Publication - Research and analysis

Community Empowerment (Scotland) Act 2015: asset transfer requests - evaluation

Published: 30 Jul 2020

Findings from an independent evaluation assessing the implementation of Part 5 of the Community Empowerment (Scotland) Act 2015 – asset transfer requests. The evaluation was commissioned by the Scottish Government and was conducted by researchers at Glasgow Caledonian University.

76 page PDF

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76 page PDF

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Contents
Community Empowerment (Scotland) Act 2015: asset transfer requests - evaluation
5. Implementation of asset transfer requests

76 page PDF

1.5 MB

5. Implementation of asset transfer requests

This section focuses on the implementation of asset transfer requests, considering whether, how and to what extent Part 5 of the Act is being implemented as intended in the legislation and guidance. Specifically, this section considers progress made by relevant authorities since the introduction of Part 5 of the Act and reports on the challenges of implementation. Finally, it identifies actions taken to promote awareness and provide support, particularly to disadvantaged groups.

5.1. Processes and challenges within relevant authorities

All relevant authorities within the sample were employing guidance documents and legislation to support the design of the asset transfer request process. Some relevant authorities had existing processes in place to transfer assets to communities developed prior to the introduction of the Act and were working to incorporate the new legislation to ensure compliance. Other relevant authorities had no existing processes in place and were working to introduce new procedures in-line with the legislation. In some cases, developed processes and procedures, including assessment templates and matrices, were tested on early asset transfer requests and, where necessary, steps had been taken to review the processes developed.

One of the challenges highlighted by relevant authority stakeholders was the lack of sufficient resources to support and raise awareness of the Act. The reasons for this varied across different types of organisations. Some relevant authority stakeholders, for example, suggested that resource allocations should relate to the core purpose of the organisation: when considering asset transfer requests, an educational relevant authority sought to prioritise delivery of community-based education, for instance.

Conversely, a representative from a national asset transfer support organisation highlighted that despite reduced resources, a number of relevant authorities have committed to supporting asset transfer requests. At the same time, other relevant authorities, facing the reduction of community learning and development (CLD) teams, indicated that limited resources constrain opportunities to work closely with communities on initiatives such as asset transfer requests.

“The level of service across support services for community groups across the country is mixed. So, in some areas it’s been quite extensive support. So, in [relevant authority] for example they pulled together a team from across the [relevant authority]. That was before the Community Empowerment Act and that team continues to support community groups. [There are] other areas where there is very little support on the ground. Some of the local authorities have retained their community learning and development teams. Others are just a shadow of their former selves.” (Key Stakeholder)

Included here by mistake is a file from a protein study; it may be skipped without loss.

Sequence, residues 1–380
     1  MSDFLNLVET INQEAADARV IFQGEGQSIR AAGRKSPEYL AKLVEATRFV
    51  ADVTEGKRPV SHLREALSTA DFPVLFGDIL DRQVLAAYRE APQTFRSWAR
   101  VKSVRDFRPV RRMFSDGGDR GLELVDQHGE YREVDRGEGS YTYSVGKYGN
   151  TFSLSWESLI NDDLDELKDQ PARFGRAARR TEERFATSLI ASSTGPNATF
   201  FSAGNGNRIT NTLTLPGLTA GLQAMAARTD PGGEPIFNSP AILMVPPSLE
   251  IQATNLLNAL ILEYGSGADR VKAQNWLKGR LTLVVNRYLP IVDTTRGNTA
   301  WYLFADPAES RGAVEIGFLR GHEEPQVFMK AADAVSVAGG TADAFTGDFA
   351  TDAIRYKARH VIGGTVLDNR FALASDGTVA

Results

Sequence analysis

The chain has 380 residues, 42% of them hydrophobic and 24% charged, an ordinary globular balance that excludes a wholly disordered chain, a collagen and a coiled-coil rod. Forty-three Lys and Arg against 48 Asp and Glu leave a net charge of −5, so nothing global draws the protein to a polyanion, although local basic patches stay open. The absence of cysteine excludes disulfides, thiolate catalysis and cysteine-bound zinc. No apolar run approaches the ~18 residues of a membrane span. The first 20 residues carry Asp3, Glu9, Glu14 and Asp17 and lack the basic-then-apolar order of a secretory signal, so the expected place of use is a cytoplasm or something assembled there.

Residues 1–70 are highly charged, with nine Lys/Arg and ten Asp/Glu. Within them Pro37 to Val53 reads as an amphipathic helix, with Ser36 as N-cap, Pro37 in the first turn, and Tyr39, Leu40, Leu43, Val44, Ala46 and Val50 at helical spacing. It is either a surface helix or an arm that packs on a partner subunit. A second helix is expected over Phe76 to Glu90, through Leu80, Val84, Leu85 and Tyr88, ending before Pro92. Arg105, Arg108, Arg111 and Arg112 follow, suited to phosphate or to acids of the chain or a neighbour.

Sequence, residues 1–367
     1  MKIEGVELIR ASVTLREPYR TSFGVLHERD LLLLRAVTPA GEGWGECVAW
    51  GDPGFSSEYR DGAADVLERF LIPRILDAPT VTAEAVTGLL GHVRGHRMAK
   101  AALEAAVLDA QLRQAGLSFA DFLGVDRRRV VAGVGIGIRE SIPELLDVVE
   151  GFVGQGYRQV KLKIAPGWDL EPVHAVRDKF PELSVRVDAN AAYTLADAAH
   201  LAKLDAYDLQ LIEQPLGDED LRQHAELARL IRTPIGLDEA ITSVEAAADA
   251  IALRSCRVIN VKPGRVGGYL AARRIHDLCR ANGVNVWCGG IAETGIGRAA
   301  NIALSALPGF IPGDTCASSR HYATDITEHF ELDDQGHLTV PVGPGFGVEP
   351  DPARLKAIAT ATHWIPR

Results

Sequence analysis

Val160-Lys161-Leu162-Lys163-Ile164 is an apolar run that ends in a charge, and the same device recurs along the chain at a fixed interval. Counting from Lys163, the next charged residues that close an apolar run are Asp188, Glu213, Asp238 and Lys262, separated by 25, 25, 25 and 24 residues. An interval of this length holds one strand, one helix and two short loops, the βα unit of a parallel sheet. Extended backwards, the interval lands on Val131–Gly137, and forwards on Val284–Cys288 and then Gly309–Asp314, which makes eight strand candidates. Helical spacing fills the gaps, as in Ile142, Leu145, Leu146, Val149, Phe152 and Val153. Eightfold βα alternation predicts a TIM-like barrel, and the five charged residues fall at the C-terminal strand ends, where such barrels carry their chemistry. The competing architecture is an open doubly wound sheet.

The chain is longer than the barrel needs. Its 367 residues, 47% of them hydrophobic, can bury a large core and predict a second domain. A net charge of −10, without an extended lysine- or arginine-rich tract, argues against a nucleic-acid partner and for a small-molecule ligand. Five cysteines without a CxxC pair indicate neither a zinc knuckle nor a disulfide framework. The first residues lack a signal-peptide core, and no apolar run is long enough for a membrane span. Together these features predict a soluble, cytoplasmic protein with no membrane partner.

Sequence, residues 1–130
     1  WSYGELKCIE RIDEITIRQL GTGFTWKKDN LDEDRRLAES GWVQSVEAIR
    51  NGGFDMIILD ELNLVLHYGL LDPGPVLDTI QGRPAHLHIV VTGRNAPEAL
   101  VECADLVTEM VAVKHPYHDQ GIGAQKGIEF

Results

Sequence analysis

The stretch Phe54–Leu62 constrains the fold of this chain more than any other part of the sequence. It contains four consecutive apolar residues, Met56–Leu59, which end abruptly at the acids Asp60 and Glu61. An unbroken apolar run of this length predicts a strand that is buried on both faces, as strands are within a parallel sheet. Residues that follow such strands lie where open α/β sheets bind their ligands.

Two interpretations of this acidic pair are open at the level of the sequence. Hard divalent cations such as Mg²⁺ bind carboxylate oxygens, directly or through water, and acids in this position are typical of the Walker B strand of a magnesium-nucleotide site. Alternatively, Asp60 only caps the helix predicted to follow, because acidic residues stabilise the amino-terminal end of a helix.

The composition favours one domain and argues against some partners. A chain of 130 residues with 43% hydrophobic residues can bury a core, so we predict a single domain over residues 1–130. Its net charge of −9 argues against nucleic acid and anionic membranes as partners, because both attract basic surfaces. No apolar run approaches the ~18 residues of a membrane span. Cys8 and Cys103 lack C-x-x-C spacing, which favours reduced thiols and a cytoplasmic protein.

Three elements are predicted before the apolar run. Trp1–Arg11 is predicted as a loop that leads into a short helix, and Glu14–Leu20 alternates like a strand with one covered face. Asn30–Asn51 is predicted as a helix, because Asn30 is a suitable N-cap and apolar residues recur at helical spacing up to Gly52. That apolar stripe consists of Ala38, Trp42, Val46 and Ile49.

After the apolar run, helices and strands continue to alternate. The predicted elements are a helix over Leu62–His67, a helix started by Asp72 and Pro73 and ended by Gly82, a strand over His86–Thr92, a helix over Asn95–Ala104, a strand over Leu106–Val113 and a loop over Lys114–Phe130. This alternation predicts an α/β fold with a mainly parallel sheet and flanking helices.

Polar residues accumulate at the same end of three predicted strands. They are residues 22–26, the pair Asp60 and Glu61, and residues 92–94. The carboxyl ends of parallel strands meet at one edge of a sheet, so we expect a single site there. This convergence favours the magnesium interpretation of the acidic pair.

It is possible that an outcome of relevant authorities being overstretched, with fewer opportunities to engage with communities, explains interviewee comments surrounding how well relevant authorities understand the Act.

“We were the ones that were telling the council how the Act operated. We had to bring to their attention that there was a process it was laying down. If we just worked our way through the process, everything would be alright. So, they didn’t even know… the officials’ ignorance of the Act was unbelievable. They were just making things up or omitting.” (CTB 2)

Another challenge associated with the implementation of Part 5 of the Act was reflected in misunderstandings about the purpose of asset transfer requests. Relevant authority stakeholders highlighted that, among some community groups, asset transfer requests were perceived as means through which organisations can buy assets at a low cost:

“The other misconception that’s out there is that it’s a free property giveaway.” (RA 3)

“There’s this perception that asset transfer is a cheap way to buy assets.” (RA 9)

“It shouldn’t be a case of everybody just gets everything for one pound… everybody thinks they should get it for one pound.” (RA 4)

This perception – that asset transfer request is a route through which to gain free or ‘cheap’ assets – represented a challenge for some relevant authorities as they sought to alter the perception of asset transfer requests amongst relevant stakeholders. However, this was not the case across the entire sample: two interviewees stated that, in practice, there was no evidence of this happening:

“I’m not being overrun by folk thinking, ‘here’s a way to get an asset on the cheap’, so I’m heartened by that.” (RA 1)

5.2. Developing assessment processes